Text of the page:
Everything you need to start gardening indoors
Indoor gardening can be simple, bountiful, and rewarding—just like outdoor gardening. Almost all of the principles of outdoor gardening apply to indoor gardening, just in slightly different ways. In this article, we’ll examine how to begin your indoor garden, while also highlighting these key differences. Even if you don’t have access to an outdoor space, you can grow to be kind!
1. Choose a Location
Because of the obvious space constraints, choosing the right location for your indoor garden is important. Fortunately, there are many different styles of indoor garden, so you’re sure to have some location that can host a garden. Container gardening—the practice of planting in containers filled with soil—is the most obvious and straightforward solution. By looking online or at your local hardware store you can find containers designed for nearly every surface: windowsill, desk, coffee table, etc. Even better, consider making your own containers. There are many ways to upcycle and recycle used goods. This will save you time and money, and will help the environment by reducing waste! However, if you’re truly space constrained, you can opt for vertical gardening by either investing in or building vertical gardening containers. There are other options too, like purchasing kits specifically designed to hold indoor gardening. For most beginners, though, a few standard sized containers will be sufficient!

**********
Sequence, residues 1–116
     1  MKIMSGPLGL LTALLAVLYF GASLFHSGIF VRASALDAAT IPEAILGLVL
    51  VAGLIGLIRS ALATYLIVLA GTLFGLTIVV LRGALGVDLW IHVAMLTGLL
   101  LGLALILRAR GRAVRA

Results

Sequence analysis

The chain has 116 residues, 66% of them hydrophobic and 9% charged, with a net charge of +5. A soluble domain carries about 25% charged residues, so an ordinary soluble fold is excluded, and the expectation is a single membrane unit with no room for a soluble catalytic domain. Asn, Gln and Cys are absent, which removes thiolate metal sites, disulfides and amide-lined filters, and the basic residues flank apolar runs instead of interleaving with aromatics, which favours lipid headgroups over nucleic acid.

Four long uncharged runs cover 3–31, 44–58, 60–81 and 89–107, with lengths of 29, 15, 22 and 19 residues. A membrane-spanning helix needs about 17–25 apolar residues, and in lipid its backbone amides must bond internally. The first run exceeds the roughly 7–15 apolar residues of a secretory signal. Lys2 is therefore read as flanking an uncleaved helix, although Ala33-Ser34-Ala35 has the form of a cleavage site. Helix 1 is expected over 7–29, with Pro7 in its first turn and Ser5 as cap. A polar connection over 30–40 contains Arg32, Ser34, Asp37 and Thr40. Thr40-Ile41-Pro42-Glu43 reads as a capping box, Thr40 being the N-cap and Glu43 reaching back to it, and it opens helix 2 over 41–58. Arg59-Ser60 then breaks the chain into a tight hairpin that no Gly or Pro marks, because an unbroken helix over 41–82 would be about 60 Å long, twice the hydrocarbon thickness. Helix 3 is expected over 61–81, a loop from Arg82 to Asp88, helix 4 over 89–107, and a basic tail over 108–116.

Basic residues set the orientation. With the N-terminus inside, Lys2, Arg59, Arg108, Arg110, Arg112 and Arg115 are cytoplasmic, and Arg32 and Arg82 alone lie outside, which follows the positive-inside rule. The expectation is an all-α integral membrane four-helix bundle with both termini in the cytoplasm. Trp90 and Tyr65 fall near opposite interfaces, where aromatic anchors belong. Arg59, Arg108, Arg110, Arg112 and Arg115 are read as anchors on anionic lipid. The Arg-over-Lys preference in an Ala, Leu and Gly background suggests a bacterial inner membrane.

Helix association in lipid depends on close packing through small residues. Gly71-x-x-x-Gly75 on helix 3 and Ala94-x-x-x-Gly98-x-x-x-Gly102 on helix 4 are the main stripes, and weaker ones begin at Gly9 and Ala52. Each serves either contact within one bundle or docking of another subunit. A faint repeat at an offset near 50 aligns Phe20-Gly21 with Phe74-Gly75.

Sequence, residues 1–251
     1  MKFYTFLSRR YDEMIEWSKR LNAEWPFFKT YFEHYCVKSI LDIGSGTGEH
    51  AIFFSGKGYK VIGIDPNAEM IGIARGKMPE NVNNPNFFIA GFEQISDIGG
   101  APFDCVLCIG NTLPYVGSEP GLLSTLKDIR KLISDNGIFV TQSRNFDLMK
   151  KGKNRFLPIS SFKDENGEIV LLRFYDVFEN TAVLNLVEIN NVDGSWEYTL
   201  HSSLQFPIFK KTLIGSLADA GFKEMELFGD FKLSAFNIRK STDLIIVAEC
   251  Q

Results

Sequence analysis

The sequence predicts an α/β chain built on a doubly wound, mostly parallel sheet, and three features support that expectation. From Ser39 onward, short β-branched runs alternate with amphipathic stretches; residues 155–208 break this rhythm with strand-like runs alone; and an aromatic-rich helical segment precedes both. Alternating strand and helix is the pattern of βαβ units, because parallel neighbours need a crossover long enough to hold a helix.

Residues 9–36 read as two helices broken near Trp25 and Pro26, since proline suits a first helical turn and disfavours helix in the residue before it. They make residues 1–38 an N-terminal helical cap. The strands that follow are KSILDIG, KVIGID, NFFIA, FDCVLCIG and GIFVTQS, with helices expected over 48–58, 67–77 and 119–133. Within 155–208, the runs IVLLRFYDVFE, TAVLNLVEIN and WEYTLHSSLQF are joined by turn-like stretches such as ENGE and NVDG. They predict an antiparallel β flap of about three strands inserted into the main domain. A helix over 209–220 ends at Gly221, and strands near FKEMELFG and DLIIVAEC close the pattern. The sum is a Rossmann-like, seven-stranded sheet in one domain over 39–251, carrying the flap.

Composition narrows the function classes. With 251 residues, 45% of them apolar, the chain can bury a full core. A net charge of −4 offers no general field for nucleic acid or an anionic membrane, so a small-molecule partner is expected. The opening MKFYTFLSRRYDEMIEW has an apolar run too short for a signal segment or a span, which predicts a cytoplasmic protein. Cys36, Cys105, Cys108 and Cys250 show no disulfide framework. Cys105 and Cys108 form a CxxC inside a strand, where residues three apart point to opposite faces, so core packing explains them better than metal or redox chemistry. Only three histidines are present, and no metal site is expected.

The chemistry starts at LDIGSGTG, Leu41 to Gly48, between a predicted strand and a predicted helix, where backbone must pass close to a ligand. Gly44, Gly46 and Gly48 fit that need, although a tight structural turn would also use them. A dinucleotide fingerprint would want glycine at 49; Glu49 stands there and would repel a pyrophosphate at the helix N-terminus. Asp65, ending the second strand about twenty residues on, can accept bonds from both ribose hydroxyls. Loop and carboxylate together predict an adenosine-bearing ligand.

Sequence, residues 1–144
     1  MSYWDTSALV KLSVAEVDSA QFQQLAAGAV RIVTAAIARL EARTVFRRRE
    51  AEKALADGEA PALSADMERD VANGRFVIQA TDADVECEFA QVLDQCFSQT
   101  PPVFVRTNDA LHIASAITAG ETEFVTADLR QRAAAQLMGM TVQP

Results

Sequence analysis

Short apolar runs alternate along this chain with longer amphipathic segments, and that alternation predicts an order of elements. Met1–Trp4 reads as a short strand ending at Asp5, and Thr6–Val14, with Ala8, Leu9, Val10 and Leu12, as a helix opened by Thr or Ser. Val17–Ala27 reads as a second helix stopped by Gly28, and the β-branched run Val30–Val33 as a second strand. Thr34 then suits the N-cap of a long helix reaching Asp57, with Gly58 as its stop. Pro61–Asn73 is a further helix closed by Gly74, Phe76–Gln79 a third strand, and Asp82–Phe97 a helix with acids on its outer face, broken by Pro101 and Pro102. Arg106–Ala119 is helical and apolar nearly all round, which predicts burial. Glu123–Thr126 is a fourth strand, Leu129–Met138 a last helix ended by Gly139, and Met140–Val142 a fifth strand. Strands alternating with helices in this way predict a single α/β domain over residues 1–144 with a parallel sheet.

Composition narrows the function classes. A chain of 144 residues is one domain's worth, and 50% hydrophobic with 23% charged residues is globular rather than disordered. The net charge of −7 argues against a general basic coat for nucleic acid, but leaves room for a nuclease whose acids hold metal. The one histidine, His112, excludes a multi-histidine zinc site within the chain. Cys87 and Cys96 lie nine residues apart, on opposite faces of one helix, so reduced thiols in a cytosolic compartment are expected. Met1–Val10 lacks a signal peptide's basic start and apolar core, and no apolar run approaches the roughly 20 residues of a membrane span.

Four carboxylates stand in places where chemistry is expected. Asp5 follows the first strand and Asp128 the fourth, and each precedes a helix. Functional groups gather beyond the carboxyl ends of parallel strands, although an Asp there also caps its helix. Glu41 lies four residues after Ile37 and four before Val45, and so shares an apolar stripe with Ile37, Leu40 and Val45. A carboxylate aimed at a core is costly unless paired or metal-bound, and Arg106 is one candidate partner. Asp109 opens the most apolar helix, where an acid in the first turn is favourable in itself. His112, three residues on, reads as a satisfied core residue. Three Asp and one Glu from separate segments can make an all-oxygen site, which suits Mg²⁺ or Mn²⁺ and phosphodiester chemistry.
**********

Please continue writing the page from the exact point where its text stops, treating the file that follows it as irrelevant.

2. Know Your Lighting
Plants rely on light to grow. But, when growing plants indoors, it can be a challenge to make sure they receive adequate sunlight. Try to observe how much light your selected area gets on a typical day. Seed packets will typically specify how light-loving a plant is (or, as always, you can look online). This guide shows how much direct sunlight different types of plants need:
- Full Sun: 6–9+ hours of direct sunlight daily.
- Partial Sun: 4–5 hours of direct sunlight daily.
- Partial Shade: 2–4 hours of direct sunlight daily.
- Full Shade: <1 hour of direct sunlight daily
To ensure proper lighting, you can also invest in an artificial light source. These can include incandescent lamps, fluorescent lights, and High Intensity Discharge (HID) bulbs. Incandescent lamps are cheap but not particularly powerful. Fluorescent lights are also inexpensive and are more powerful than incandescent lamps, but are best suited for herbs and other plants that don’t require much light. HDI bulbs are powerful and often adjustable, and recommended for light-loving plants.
3. Pick the Right Plant
Assuming you’ve decided on a location that has a light source, you can pick what you want to grow. Of course, your choice should be informed by your location and light source—and vice versa—because different plants like different conditions. You’ll be able to look at the back of seed packets to see lighting and container specifics. Alternately, consider Googling this information for a plant you think you might like to grow. One of the main differences between indoor and outdoor gardening is that you have more control over a plant’s environment! For that reason, it’s less important to consider things like typical outdoor planting and harvesting schedules, assuming you keep indoor garden conditions fairly stable. That being said, some plants tend to do better than others when grown indoors. Here are some examples of fruits and vegetables that are known to do well: